Jim Duffy comment: Life cover only helps if I die, so why would I care?

How much life cover should we take out, and should we even bother, asks Jim Duffy. Picture: contributed.
How much life cover should we take out, and should we even bother, asks Jim Duffy. Picture: contributed.
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Perhaps you can remember taking out your first with-profits endowment policy. I can. It was with Standard Life and my dad took me to his “broker” who set me up with a ten-year, £30 per month policy. And I recall it paid out handsomely.

Ten years later, I was that I had done it. But at the time, as a 21-year-old who was extremely fit, I remember the subject of life insurance reared its head. As many youngsters did, and presumably still do, I declined to take out any life cover as my death was light-years away and I would deal with that later on in life. And here I am today, some thirty years on, making these decisions. My question is: how much life cover should I take out and why should I even bother?

Let me address the latter part of my question first. When I do die, I’ll be dead. I know that sounds ridiculously simple and even a little silly but, that will be it. No more worries and no requirement to think about people, stuff, finances and who Boris Johnson may or may not be having affairs with. It will all be over. Why should I care about how much money I leave to others? Once my funeral is finished and my coffin disappears, it will be time to enlist a lawyer to deal with my estate. But, I won’t benefit from any of it. So, why should I give a jot?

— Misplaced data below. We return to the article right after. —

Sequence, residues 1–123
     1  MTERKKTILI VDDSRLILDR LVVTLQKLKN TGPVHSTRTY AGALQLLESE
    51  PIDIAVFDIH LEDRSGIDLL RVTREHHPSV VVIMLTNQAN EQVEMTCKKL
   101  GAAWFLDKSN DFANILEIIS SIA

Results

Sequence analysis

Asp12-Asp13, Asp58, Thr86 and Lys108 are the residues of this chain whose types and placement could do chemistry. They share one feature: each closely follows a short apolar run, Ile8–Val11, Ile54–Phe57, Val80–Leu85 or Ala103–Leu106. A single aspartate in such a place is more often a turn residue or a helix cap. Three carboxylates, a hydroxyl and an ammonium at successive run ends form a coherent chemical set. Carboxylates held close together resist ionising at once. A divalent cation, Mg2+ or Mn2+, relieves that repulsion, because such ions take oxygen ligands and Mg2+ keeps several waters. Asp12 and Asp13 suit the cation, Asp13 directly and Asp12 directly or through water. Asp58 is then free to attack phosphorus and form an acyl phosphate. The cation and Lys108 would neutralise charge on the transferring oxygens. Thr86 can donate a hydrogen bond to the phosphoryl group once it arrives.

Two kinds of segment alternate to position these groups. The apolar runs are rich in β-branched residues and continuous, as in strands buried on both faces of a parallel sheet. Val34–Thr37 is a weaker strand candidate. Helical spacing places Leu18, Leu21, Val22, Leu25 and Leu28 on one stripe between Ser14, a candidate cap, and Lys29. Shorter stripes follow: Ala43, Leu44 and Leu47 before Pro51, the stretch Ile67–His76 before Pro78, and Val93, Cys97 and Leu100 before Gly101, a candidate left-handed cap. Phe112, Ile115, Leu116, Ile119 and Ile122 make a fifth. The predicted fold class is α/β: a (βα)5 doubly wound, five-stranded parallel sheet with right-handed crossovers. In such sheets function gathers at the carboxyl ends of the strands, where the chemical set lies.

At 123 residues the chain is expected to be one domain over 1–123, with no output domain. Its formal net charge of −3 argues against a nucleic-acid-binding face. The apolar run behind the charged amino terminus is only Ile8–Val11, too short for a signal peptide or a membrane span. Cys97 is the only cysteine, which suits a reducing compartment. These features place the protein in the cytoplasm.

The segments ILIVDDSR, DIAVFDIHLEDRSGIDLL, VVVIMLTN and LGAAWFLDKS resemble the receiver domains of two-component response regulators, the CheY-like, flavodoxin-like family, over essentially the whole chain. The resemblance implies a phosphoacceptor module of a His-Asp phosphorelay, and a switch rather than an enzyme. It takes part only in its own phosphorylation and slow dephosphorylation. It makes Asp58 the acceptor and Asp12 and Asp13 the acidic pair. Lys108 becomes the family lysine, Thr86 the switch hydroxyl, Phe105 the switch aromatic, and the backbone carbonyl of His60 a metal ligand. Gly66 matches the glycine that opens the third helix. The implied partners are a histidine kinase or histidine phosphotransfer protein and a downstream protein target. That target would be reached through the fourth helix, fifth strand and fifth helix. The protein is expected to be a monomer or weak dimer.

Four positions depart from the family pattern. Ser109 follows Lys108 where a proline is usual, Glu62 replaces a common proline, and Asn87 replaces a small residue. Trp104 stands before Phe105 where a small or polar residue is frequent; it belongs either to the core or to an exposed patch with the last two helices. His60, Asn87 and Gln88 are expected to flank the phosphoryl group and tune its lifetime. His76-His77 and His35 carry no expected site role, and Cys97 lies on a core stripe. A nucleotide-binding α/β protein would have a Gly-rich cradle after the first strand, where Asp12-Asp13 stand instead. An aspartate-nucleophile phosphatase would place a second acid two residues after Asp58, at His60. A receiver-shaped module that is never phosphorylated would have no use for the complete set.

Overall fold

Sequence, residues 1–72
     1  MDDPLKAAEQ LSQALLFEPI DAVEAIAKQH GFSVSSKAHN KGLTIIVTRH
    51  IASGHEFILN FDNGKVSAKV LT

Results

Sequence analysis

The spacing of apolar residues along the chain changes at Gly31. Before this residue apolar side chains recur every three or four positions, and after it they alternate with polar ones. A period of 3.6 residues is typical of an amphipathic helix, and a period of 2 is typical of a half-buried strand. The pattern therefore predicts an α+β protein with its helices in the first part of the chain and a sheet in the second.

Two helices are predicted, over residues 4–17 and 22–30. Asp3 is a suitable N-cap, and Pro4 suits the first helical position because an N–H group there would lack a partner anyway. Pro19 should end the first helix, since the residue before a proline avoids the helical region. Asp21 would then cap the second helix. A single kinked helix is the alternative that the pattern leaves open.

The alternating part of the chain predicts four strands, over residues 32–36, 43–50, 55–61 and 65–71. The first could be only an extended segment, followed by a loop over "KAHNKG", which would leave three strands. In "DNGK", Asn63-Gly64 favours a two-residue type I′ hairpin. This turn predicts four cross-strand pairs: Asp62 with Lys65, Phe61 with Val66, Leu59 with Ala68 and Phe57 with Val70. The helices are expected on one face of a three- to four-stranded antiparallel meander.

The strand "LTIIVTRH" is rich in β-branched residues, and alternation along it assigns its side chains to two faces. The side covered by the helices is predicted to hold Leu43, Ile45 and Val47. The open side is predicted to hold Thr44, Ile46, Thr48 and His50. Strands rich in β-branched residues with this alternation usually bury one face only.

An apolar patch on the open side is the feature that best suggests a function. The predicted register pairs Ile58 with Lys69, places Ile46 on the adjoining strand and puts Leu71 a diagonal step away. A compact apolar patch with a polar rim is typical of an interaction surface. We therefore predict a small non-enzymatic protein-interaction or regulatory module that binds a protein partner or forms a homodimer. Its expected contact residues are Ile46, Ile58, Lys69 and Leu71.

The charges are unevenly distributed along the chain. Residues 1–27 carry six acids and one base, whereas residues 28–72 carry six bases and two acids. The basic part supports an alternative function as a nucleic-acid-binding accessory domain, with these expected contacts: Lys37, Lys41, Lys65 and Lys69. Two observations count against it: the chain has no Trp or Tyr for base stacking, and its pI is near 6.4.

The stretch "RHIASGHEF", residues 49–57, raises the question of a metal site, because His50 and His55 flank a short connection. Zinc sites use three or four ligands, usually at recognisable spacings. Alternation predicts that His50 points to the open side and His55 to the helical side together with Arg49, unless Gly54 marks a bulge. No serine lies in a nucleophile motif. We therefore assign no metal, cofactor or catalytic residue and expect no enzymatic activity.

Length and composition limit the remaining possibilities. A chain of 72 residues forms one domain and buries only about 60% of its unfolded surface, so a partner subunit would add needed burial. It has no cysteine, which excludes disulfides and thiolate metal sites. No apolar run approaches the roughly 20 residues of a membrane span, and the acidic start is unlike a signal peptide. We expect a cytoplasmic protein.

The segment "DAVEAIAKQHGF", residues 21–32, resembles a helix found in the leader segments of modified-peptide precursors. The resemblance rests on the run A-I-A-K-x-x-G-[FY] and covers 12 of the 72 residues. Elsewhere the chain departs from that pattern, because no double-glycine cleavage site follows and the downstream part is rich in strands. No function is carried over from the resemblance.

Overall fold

Well, as many financial advisors will tell you, there may be inheritance tax [IHT] issues and taking some life insurance to pay the inheritance tax bill is prudent. However, if my IHT bill is, for example, £100,000, should I simply take out a policy that covers this to the penny or add the same amount again to leave in my estate? And this is the question I am wrestling with just now, like many of you who are required to plan for death, is there a point to leaving my loved ones a big chunk of change once I pop off this mortal coil?

Life insurance is not cheap. As soon as I tell the insurance companies on their online application forms that there is a history of heart disease and diabetes in my family, the computer says no and I automatically need a medical or more detailed questions. Fair enough, as the insurance company has to carry the risk, while making a profit at the same time. Who would be an actuary, eh? But, if I take “enough” at £100,000, then I have to pay this premium each month for the next twenty years - hopefully. This would then sufficiently cover my IHT bill, notwithstanding successive governments tinkering with thresholds and liabilities. If I then add on another £100,000 to leave to my dependants, the premium notches up significantly. So why should I do the latter?

Selfishly, it would be easy to choose the “enough” bucket. But in relative terms, life insurance is still pretty good value. And despite me not being around to benefit from the proceeds, it will provide some comfort for those I leave behind. They will no longer have their dad to moan at them and chase them up for things, so £50,000 each will ease that pain. I’d really like a second hand 7-year-old Porsche Boxster with 50,000 miles on the clock right now, but I’m happy to forget this in order to pay my life insurance, so my offspring can split the money to “prop’ them up or give them a start. Or am I?

Am I already worrying in death about them? Regardless of how I think about it, the second hand Boxster is not happening just now as I do feel that the right thing to do is to add a little extra to my life insurance premiums. I’d just look silly in a Porsche anyway. I’ll look far better in my coffin with a premium of £100,000 round my neck. Life insurance is one of those strange beasts that has been created by insurance companies to provide a necessity and a profit. But, the bitter pill that I have to swallow just now is a monthly payment for a long, long time that gives me no soft-top, nought to 60 in seven seconds driving pleasure, but makes me feel secure inside that my tax affairs and loved ones will be okay.

I think that’s a price worth paying.

Jim Duffy, MBE, Create Special.